Quick tips before you go!
To make your Peruvian getaway as successful and fun as it can be, below are a few quick tips to remember for your visit.
Allow yourself some time to acclimate to the high altitude.
Because Cusco sits high at over 11,000 feet above sea level, if you've never experienced severe altitude like this before, you will need to allow yourself some time to become adjusted in order to avoid altitude sickness. Fortunately, there are several precautions you can take to prevent any kind of sickness. For instance, be sure to drink lots of water before your trip, during your flight, and once you arrive. In addition, you can also drink coca tea. These tea leaves are perfectly safe to consume and have been used for centuries by the Andean people to help with adjusting to the altitude. Just be careful not to drink too much coca tea, as your stomach might not be used to it. While symptoms of altitude sickness can include fatigue, headaches, dizziness, stomach illness, or trouble sleeping, the good thing is that they all should subside after a couple of days. My best piece of advice is to take it easy during the first few days of your trip. Once you become acclimated, you can then dive deep into exploring!
Consult with your doctor before you travel.
During my trip to Peru I become severely sick, but it most likely could have been avoided had I consulted with my doctor before my journey. Along with packing over-the-counter medications such as ibuprofen and Pepto-Bismol, ask your doctor to prescribe you with medication to treat traveler’s diarrhea. (Yes, that is a real sickness and trust me, it's not fun!) While we all hope to never undergo any kind of sickness during our travels, it is always better to be safe than sorry.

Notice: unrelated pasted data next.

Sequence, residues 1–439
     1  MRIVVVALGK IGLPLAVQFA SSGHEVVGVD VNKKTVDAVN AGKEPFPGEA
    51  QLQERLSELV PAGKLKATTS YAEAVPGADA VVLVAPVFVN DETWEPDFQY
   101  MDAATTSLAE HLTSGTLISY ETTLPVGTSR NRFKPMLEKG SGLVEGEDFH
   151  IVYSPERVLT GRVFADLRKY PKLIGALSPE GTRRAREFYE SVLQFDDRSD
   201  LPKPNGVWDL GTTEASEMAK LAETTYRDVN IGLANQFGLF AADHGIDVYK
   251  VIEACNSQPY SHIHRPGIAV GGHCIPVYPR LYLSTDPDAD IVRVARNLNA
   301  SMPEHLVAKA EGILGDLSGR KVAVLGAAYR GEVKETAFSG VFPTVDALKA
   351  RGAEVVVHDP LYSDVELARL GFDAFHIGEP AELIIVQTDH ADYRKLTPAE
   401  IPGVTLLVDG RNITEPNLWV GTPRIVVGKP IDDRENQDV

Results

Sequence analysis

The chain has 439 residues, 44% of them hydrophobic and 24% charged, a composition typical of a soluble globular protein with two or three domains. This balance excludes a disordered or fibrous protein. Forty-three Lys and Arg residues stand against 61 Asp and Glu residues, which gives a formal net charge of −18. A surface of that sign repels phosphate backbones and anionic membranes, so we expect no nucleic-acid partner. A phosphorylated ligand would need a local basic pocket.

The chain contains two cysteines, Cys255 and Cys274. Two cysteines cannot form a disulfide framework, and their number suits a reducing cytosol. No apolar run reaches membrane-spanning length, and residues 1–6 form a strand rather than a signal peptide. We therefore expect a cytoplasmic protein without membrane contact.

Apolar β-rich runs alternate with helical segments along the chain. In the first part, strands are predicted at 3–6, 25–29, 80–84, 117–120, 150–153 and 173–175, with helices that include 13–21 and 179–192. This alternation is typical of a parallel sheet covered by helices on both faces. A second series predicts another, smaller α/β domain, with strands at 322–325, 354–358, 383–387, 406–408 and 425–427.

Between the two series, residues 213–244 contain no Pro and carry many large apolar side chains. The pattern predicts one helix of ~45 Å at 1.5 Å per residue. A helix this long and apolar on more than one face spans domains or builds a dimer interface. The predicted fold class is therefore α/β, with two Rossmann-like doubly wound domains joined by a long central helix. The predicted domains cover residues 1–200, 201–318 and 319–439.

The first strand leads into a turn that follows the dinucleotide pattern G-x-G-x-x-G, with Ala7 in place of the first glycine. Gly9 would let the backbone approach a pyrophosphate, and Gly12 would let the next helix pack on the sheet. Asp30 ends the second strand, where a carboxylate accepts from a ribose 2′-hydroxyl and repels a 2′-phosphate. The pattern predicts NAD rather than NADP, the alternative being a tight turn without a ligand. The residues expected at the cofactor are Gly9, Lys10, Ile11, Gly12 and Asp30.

Should you need a taxi, always look for the yellow stripe on the license plate.
Although Cusco is a very walkable city, chances are you will need to take a taxi to and from the airport. Should this be the case, make sure you ride in a cab that has a yellow stripe on the top of the license plate with a red and white national flag on the tag. This marker indicates the car is a legitimate taxi. Occasionally, you will see orange stripes on license plates. Rest assured knowing these tend to specify similar classifications such as airport shuttles, tourist transit, etc.
When using American money, make sure to bring crisp, straight dollar bills.
While you can use American money during your stay in Cusco — you can even withdraw dollars from many local ATMs — the sol is Peru's main form of currency. So if you're planning to go shopping at the local markets and street shops, along with riding the public transportation and eating at smaller, nontouristy restaurants, you will need to have a pocket full of soles. However, if you do need to use American money, make sure to bring crisp, straight dollar bills, as these are the only ones that will most likely be accepted. When I found a beautiful handwoven blanket scarf — for only $5! — all I had were the crinkled bills I found in the bottom of my backpack. Unfortunately, they weren't accepted so all I could do was take a mental picture of the scarf.